Former Secretary of State Condoleezza Rice criticized efforts to tear down southern monuments to Confederate leaders because she doesn't believe in sanitizing history.

"I am a firm believer in 'keep your history before you' and so I don't actually want to rename things that were named for slave owners," she said Monday on Fox News.

"I want us to have to look at those names and recognize what they did and to be able to tell our kids what they did and for them to have a sense of their own history. When you start wiping out your history, sanitizing your history to make you feel better it's a bad thing," she said.

Rice said instead it should be celebrated that the country has come a long way from the times when the founders agreed to count each slave as three-fifths of a person or when black men in Alabama wouldn't be allowed to register to vote in the 1950s. Rice pointed to her father's troubles registering to vote in 1952 as a marker of how far the country has come.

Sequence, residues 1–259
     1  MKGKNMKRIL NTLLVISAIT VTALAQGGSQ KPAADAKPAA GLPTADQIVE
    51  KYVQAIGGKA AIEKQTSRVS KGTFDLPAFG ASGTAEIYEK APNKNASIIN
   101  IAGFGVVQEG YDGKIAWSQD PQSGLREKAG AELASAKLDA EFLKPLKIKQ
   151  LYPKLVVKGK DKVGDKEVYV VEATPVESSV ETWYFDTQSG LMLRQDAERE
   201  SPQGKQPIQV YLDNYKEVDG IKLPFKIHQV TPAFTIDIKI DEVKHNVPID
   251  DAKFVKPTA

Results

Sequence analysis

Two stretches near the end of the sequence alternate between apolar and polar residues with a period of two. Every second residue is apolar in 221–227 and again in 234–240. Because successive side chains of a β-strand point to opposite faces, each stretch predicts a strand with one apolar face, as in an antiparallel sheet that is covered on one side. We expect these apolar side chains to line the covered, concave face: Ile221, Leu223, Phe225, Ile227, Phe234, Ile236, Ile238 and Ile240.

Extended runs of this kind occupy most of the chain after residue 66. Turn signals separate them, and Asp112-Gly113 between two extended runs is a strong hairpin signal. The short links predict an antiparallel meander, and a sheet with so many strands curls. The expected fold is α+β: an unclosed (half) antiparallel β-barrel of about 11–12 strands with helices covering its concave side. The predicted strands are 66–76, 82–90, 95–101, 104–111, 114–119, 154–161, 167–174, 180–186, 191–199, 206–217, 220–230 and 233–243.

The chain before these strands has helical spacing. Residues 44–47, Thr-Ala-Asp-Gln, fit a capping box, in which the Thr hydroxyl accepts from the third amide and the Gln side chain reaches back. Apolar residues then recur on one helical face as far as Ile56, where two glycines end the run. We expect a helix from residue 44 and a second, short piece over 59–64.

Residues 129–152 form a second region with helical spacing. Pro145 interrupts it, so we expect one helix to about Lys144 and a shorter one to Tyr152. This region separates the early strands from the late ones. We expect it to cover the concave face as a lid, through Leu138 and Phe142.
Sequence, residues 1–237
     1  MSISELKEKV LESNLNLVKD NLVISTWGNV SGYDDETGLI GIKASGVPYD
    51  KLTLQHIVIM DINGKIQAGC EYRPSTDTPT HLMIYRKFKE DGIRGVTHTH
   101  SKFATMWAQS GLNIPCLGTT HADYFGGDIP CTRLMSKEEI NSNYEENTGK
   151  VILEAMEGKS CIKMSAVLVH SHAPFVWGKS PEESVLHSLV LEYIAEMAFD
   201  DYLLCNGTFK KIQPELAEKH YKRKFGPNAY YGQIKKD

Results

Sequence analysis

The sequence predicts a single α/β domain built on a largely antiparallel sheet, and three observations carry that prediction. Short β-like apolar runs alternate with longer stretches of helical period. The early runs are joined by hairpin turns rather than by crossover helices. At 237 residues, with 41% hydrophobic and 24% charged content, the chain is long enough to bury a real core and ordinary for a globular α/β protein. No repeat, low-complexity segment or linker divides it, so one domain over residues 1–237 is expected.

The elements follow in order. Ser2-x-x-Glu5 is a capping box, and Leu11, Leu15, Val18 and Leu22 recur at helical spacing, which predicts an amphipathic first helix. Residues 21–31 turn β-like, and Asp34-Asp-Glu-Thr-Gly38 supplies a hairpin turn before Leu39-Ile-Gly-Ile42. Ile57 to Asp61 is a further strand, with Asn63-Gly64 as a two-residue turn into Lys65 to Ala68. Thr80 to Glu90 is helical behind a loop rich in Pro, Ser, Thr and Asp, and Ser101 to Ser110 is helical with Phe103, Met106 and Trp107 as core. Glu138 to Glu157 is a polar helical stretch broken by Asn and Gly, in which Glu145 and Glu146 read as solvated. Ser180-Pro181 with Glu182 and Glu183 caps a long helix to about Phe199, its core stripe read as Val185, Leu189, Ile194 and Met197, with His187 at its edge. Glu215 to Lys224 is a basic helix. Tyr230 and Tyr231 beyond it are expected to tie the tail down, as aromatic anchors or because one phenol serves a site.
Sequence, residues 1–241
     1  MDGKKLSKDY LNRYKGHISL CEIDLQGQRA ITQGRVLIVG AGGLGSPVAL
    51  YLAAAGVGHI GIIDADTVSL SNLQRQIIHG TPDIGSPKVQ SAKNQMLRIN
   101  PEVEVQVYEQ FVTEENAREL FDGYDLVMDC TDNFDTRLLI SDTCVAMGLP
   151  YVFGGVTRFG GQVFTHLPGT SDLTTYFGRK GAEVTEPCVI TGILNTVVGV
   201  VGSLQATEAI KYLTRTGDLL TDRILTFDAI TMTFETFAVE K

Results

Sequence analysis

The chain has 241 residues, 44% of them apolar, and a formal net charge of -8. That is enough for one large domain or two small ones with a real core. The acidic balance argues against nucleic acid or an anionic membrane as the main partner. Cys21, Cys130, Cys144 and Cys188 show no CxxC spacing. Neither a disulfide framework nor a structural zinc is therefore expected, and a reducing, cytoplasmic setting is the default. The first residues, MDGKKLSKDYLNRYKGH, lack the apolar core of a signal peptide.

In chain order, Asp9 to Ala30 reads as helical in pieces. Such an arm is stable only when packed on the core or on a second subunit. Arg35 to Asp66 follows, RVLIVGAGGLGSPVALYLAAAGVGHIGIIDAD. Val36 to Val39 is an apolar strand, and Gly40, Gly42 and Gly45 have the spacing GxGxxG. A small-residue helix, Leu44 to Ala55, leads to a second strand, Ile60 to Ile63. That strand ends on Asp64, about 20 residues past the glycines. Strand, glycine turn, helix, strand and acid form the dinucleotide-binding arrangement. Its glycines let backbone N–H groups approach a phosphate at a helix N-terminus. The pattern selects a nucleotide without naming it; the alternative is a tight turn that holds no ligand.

She said it was about 50 years later that she was sworn in as secretary of state, becoming the first black woman to hold that position.

"The long road to freedom has indeed been long, it's been sometimes violent, it's had many martyrs but ultimately has been Americans claiming those institutions for themselves and expanding the definition of we the people," she said.

She said the founders should be viewed in the context of their time instead of through the prism of modern values.

"They were people of their times. I wish they had been like John Adams, who did not believe in slavery. I wish they had been like Alexander Hamilton, who was an immigrant by the way, a child of questionable parentage from the Caribbean," she said. "I wish all of them had been like that and Jefferson in particular, a lot of contradictions in Jefferson but they were people of their times and what we should celebrate is that from the Jefferson's and the Washington's as slave owners, look at where we are now."